Reality TV

In David Cronenberg’s film ‘Videodrome’, one character muses, “Television is reality, and reality is less than television.” The film was produced long before the current crop of reality TV shows, in hindsight, ‘Videodrome’ could be interpreted as ‘prophetic criticism.’ There is a problem with so-called reality programming, one that has nothing to do with blurring the lines between news and entertainment. Those lines have been blurry since CNN made ‘sound bite journalism’ a major part of the way people consume the news. The real problem is in the kind of reality this genre presents.

Some critics of reality TV warn it’s only a matter of time before programming such as ‘Survivor’ and ‘Fear Factor’ mutates into Roman-style spectacles of real bloodshed and killing. This is a ridiculous notion. American audiences do not want real pain or anguish. If these shows were truly based in ‘the real world’, nobody would tune in for long. This is the exactly why ‘reality’ television is so popular. The problems of buffoonish and bigger-than-life people are a kind of escapist entertainment.

For all its shortcomings, reality programming offers a type of catharsis. Viewers observe a show’s personalities, comparing them to similar people in their own lives. Heroes and villains for each program are based on how they remind viewers of people they know, love, or loathe. The best reality shows display creative minds at work, developing and unfolding their ideas against a time limit and budget constraints. Monster Garage, Trading Spaces and similar programs have less to do with winning and losing, and more to do with problem solving and innovation.

Unfortunately, many reality shows presents the same concept over and over; Social Darwinism combined with sports. There can be only a single winner, the rest are sent home in defeat. Those willing to do anything at all in order to win make the grade. Contestants who hesitate or wish to preserve their dignity are eliminated.

Presenting the ‘life as eternal competition’ scenario seems to confer a higher value on the winners; the defeated are viewed as weak or unsuitable. Reality television has no middle ground, only winners and losers. This is a major flaw of the concept. Even on the more creative programs like Trading Spaces, rarely is there an episode where the project does not finish on time, or appears flawed. The finished product is always ‘camera-ready’.

Life outside television is anything but black and white. Religion, social mores, sexual roles and family values are all in a constant state of flux. On television, an unsavory ‘us-versus-them’ mentality is presented as a viable philosophy. Reality shows, sports events and political campaigns are informed by this dualistic viewpoint. Reality is more complex, but viewers are constantly bombarded with the opposite notion. But if reality programs can be blamed for propagating an unrealistic philosophy, they must be excused in part by the virtue of being on television.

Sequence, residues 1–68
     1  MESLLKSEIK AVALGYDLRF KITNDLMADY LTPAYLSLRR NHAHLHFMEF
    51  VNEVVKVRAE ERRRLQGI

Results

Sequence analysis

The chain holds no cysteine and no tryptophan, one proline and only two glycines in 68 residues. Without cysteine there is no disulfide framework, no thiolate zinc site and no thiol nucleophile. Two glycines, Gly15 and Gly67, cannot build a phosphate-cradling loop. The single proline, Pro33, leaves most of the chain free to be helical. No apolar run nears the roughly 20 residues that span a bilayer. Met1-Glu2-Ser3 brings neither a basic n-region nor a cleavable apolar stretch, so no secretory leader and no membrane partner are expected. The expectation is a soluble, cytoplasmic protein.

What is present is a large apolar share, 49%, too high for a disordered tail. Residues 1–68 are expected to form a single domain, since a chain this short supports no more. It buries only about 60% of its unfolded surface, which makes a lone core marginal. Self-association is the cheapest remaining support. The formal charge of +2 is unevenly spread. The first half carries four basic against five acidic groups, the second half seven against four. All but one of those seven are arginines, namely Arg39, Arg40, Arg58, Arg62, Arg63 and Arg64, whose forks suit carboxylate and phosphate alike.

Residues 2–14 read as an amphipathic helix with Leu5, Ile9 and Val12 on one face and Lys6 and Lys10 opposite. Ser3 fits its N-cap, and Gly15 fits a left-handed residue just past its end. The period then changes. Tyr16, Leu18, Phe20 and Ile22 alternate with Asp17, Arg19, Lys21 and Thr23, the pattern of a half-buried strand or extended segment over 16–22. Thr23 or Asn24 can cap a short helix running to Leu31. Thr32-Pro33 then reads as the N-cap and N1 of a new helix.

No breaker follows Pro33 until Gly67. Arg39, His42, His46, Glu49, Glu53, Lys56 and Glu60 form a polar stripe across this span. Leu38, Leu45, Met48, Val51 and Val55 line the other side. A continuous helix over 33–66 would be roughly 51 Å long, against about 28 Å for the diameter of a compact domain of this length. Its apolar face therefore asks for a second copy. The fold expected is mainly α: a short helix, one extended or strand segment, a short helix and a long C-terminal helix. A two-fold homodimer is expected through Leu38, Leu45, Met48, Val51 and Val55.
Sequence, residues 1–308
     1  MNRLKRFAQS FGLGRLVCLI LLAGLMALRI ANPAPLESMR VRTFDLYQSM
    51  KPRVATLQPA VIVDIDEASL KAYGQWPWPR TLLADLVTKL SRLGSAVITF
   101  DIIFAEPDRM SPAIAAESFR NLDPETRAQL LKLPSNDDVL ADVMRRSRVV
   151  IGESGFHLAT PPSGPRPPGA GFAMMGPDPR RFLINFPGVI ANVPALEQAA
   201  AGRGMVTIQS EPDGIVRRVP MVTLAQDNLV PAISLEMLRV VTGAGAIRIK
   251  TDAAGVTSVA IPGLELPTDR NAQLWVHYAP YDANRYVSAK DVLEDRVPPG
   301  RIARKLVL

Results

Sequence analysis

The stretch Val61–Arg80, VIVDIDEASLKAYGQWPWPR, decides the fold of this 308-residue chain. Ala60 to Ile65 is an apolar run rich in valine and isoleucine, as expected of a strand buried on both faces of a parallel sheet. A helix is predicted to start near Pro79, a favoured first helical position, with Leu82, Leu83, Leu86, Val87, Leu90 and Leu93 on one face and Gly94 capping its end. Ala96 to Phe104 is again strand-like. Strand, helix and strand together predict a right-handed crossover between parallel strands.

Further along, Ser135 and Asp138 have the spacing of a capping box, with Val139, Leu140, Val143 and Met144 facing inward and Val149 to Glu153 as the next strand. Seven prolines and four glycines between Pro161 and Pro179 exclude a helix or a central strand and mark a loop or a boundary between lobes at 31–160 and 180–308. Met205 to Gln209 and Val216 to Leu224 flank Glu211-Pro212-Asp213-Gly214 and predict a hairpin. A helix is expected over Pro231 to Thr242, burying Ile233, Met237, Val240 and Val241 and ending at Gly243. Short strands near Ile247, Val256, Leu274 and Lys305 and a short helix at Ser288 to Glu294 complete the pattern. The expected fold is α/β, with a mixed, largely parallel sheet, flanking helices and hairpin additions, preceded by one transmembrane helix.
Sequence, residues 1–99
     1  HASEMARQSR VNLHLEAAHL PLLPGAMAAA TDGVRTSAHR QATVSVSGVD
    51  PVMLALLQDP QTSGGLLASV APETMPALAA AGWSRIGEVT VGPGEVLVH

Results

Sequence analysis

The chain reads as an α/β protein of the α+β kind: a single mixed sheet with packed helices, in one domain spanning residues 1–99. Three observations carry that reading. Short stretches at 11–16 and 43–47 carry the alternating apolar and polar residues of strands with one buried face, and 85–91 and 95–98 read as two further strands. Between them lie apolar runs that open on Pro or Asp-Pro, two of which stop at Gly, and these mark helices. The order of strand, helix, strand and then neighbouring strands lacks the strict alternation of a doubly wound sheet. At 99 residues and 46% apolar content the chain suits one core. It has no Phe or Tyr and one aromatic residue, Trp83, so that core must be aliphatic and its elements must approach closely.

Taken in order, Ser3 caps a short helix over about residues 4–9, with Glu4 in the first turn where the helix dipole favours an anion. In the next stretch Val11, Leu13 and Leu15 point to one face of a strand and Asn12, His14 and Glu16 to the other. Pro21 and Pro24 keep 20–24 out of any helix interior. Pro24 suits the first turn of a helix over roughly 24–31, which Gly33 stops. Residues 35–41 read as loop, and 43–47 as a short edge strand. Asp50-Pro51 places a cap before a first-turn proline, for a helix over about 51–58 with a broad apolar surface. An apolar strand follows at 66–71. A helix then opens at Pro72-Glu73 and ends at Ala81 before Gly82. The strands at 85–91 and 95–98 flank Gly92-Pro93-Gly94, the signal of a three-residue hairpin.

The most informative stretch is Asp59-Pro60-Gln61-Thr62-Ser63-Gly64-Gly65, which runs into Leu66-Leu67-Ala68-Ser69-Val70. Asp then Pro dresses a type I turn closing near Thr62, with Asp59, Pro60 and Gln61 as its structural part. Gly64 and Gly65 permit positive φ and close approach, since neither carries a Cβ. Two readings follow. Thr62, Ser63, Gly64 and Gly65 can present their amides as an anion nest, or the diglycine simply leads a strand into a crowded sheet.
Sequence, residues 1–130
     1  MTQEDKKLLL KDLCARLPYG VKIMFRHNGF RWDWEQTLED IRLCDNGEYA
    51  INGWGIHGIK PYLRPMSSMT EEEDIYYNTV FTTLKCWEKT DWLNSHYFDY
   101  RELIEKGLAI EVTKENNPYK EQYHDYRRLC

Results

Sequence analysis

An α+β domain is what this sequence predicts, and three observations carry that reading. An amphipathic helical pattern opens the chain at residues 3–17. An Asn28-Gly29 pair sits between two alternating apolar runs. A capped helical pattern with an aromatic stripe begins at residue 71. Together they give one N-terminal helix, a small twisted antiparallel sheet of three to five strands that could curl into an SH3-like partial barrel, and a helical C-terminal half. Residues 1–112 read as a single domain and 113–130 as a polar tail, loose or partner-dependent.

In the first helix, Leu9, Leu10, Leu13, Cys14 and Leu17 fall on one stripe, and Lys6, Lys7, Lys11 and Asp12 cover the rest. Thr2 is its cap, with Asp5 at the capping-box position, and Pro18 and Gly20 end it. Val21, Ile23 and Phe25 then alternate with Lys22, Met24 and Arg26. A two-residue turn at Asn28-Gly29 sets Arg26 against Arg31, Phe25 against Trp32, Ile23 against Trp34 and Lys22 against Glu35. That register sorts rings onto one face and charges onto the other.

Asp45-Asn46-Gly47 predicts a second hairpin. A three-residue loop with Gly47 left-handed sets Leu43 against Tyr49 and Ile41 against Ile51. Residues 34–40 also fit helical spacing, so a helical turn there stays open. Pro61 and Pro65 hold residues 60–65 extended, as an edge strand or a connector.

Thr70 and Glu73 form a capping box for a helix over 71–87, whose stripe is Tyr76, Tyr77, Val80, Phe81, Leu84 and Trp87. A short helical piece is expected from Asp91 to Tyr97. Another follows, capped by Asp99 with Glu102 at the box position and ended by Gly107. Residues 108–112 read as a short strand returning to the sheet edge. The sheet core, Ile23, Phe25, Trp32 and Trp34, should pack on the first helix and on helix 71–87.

It is true; reality TV blurs the lines between real news, entertainment and advertising. The future of the genre will be decided by, as always, by focus groups, test audiences and Nielsen ratings. What is popular today will be tomorrow’s old news. The TV industry is essentially the world’s longest running popularity contest.

Some people recognize television as a limited medium, subject to a fickle public. The best way to maintain its integrity is to ignore pressure to cater to a general audience. The ‘us-versus-them’ mentality of reality programming may be pervasive, but there quality alternatives. Worthwhile television does exist, creatively and philosophically far beyond the “Survivor” and “Fear Factor” programs. There is also the ‘off’ button, a trite clichÃ?©, but applicable. A much better approach? Take former Dead Kennedys lead singer Jello Biafra’s advice; “Don’t complain about the media,” said the punk rocker, “become the media.”

But how? The internet, cable access TV, self-publishing and the zine phenomenon are all here to stay. The ‘average joe’ can indeed have a voice, if one is willing to invest the time and money to be heard. With Cable Access, there are only minor fees, but the time investment required can be substantial. Check with your local cable access station for requirements. Websites are the electronic version of zines, and info on how to create them are so plentiful that a Google search is all that’s really needed to get started learning how to create a decent web page.

Many people use blogs such as to reduce the need for technical savvy. Indeed, merely
requires you to enter your text and upload it, the rest is done with templates or simple instructions. Blogging is the most economical way to create a counterculture presence on the net. Unfortunately, the ease of use brings with it an overload of
junk sites and bad postings.

Zines, of course, are the paper-and-ink version of blogs and websites. They require more skill and marketing savvy, but the returns on a print zine are much more immediate. To learn about zines and the art of DIY printing, visit to get an immediate education and history lesson on the varied voices of the zine community. The real issue with zine printing is cost-crude xeroxes cost upwards of a dime a page in some areas, and printer ink can be just as expensive. But these costs and the skill required make zines more readable as a rule. This is the advantage to going print-your audience is more accessible to you, and there is less competition. If you can afford to go print-and-paper, the benefits outweigh the cost.

Television, the internet and pop culture all offer something to the masses. Alternative culture gives people with far more specialized tastes and interests a way to give voice to those diverse ideas. In today’s era of print, cable access and the internet, there’s really no reason NOT to let your voice be heard.

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